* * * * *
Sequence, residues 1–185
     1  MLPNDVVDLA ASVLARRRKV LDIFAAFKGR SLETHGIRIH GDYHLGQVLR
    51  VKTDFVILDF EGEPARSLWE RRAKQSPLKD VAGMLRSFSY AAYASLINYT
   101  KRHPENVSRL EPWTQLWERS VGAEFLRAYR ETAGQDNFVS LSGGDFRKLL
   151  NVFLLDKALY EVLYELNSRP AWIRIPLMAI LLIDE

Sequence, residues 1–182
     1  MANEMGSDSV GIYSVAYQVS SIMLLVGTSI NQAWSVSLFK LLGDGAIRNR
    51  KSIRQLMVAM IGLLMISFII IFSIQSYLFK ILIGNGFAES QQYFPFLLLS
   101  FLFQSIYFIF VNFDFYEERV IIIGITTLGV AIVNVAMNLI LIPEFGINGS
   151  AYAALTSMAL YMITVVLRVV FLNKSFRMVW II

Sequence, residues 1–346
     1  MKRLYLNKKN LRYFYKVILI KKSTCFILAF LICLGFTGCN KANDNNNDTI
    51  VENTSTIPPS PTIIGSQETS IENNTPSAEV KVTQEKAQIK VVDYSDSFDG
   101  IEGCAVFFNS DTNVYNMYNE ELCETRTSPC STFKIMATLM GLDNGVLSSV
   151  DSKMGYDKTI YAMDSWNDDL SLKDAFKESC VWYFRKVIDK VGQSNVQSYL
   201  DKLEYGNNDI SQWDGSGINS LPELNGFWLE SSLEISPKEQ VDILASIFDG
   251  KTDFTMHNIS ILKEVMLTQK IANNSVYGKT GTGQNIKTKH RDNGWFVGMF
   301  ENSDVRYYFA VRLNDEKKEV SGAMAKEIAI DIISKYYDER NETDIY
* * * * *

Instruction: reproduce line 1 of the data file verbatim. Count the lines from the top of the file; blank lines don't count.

Sequence, residues 1–185